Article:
“Lamb,” Gene said. He hummed a church song. “As in Lamb of Christ, such a wholly last name, Artemis.”
“Well, let’s take a walk,” Artemis said. She thought Gene was as honest as a dating site photo. “Always helps for me to visualize the campus while I review the files. Have to start from a basic understanding.”
Gene stuffed the business card into his sport coat pocket.
“Of course,” Gene said. “Loretta I have another important meeting, can you escort Artemis?”
“Why yes,” Loretta said. She got up and waved Artemis toward the tall conference room door. “We’re quite proud of our hospital, it’ll be my pleasure.”
Artemis and Loretta strolled through the busy hospital hallways. Loretta proudly sashayed across the marble floors pointing out the labor and delivery section, the catheter labs, surgical suites, and the all other human services offered by the facility. But as Artemis ignored Loretta’s attempted conversation she noted outside the window, down seven stories at the hospital’s rear loading docks there were numerous active eighteen wheel trucks spewing diesel fumes into the air. Artemis tapped on the windows.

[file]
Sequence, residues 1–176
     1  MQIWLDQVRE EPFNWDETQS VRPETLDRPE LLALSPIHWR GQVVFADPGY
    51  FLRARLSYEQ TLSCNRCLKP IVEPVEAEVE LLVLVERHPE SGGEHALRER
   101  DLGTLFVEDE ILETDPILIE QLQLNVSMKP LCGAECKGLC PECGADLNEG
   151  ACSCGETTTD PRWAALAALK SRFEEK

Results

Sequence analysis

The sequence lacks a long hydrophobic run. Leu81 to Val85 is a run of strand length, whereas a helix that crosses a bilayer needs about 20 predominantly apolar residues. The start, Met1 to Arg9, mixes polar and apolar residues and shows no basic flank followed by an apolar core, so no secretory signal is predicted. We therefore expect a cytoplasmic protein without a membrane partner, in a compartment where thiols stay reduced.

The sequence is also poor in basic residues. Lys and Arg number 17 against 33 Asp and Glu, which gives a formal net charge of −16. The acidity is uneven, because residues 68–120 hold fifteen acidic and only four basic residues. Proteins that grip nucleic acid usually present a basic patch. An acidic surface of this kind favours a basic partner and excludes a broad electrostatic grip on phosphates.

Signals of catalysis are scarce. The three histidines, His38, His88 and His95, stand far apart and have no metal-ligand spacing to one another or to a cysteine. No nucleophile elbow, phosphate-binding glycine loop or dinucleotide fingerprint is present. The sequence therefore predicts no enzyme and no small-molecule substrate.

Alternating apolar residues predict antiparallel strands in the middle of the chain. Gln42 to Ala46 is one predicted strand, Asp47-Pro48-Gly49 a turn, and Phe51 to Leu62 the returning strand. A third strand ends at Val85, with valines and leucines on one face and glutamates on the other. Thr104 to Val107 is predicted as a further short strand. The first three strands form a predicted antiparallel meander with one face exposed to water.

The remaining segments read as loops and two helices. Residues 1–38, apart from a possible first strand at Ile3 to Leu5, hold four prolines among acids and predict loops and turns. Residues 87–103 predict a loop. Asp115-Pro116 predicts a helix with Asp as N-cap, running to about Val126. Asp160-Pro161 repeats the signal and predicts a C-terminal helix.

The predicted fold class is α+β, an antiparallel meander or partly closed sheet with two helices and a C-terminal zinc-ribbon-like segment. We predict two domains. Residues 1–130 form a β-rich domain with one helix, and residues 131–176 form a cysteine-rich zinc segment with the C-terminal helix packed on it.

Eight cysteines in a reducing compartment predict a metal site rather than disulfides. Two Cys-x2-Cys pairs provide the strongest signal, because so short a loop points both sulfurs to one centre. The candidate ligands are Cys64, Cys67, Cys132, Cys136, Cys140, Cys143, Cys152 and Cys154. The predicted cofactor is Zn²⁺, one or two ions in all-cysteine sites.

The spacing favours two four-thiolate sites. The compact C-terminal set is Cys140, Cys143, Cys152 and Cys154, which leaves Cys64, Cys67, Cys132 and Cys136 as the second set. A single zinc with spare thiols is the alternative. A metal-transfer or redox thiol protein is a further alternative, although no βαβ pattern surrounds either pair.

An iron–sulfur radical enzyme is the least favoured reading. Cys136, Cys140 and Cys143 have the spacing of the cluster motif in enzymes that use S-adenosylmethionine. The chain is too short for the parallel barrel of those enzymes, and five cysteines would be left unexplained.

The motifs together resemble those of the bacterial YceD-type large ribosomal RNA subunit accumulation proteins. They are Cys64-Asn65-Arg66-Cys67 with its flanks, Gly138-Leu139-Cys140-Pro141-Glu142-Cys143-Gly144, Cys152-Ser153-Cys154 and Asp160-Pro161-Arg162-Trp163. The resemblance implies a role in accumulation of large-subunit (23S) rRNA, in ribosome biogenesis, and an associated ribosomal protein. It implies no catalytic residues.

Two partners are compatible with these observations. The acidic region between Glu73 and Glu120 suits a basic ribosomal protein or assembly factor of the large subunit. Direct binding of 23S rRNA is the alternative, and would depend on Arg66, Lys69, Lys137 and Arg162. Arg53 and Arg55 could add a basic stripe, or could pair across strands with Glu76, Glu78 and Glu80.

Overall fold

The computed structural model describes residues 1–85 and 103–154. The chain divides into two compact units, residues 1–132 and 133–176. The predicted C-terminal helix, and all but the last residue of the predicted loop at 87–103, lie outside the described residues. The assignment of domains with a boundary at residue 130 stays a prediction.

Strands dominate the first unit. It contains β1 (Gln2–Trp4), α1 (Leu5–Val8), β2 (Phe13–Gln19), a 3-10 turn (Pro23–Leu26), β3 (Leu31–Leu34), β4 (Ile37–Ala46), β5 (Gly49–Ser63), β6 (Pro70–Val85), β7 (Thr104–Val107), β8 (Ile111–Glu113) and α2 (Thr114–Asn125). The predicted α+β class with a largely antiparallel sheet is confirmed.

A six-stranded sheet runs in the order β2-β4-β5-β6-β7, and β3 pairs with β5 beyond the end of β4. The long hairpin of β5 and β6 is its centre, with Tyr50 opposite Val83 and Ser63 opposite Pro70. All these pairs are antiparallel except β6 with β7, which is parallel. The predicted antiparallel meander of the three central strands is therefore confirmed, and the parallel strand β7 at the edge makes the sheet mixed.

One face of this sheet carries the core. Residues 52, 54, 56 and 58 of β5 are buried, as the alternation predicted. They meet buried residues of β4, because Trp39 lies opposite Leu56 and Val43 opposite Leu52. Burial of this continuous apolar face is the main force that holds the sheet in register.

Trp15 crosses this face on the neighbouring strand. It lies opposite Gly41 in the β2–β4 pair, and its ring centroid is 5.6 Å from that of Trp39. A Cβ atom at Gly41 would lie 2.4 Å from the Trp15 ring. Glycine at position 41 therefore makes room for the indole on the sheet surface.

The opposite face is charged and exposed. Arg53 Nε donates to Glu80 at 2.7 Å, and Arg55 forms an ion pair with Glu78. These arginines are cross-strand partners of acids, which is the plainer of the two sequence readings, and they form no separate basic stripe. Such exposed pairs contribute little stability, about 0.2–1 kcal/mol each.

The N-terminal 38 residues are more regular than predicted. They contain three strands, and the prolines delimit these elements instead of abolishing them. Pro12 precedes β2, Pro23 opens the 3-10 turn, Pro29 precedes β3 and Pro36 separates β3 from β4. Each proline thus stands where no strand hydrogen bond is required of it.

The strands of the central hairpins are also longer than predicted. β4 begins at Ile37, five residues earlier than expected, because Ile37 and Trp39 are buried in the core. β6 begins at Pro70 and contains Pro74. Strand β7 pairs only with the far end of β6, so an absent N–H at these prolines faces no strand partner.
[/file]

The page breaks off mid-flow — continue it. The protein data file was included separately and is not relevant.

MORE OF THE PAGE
“Loretta,” Artemis said. “You all eat a lot here?”
“What?” Loretta said.
“Down there,” Artemis said. “All those refrigeration trucks, they are seriously at it, in and out. That’s not body parts, right?”
“Oh, not here, nothing I know about,” Loretta said. She looked down at the trucks. And then casually moved away from the windows. “Must be delivery day, I don’t know.”
Artemis noticed as the rear of the truck container was opened, they were empty. And then they were being loaded by sturdy forklifts with stacks of neatly placed boxes on wooden skiffs. She felt Loretta tug at her arm.
“Did I show you are cafeteria?” Loretta asked.
“Oh then, come with me,” Loretta said. Her pace quickened over toward elevators. “It’s all brand new, I’m sure you’ll love it.”
“Ah,” Artemis said. She removed Loretta’s tight grip. “Maybe next time, I’ve a plane to catch back to St. Petersburg, but thank you.”
End. Chapter 3